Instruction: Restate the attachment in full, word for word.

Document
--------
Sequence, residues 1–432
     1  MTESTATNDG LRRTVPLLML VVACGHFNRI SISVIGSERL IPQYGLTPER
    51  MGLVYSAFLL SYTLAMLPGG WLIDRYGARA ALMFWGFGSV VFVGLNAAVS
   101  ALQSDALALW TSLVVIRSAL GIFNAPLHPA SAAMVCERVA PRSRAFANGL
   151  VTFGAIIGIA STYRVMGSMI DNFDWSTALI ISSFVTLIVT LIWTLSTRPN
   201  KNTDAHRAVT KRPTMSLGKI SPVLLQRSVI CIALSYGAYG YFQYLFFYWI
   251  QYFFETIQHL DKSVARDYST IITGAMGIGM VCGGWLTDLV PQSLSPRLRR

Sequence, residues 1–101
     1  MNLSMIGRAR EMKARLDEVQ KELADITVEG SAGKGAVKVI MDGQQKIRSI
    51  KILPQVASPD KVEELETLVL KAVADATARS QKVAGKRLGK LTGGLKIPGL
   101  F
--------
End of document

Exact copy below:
Sequence, residues 1–432
     1  MTESTATNDG LRRTVPLLML VVACGHFNRI SISVIGSERL IPQYGLTPER
    51  MGLVYSAFLL SYTLAMLPGG WLIDRYGARA ALMFWGFGSV VFVGLNAAVS
   101  ALQSDALALW TSLVVIRSAL GIFNAPLHPA SAAMVCERVA PRSRAFANGL
   151  VTFGAIIGIA STYRVMGSMI DNFDWSTALI ISSFVTLIVT LIWTLSTRPN
   201  KNTDAHRAVT KRPTMSLGKI SPVLLQRSVI CIALSYGAYG YFQYLFFYWI
   251  QYFFETIQHL DKSVARDYST IITGAMGIGM VCGGWLTDLV PQSLSPRLRR

Sequence, residues 1–101
     1  MNLSMIGRAR EMKARLDEVQ KELADITVEG SAGKGAVKVI MDGQQKIRSI
    51  KILPQVASPD KVEELETLVL KAVADATARS QKVAGKRLGK LTGGLKIPGL
   101  F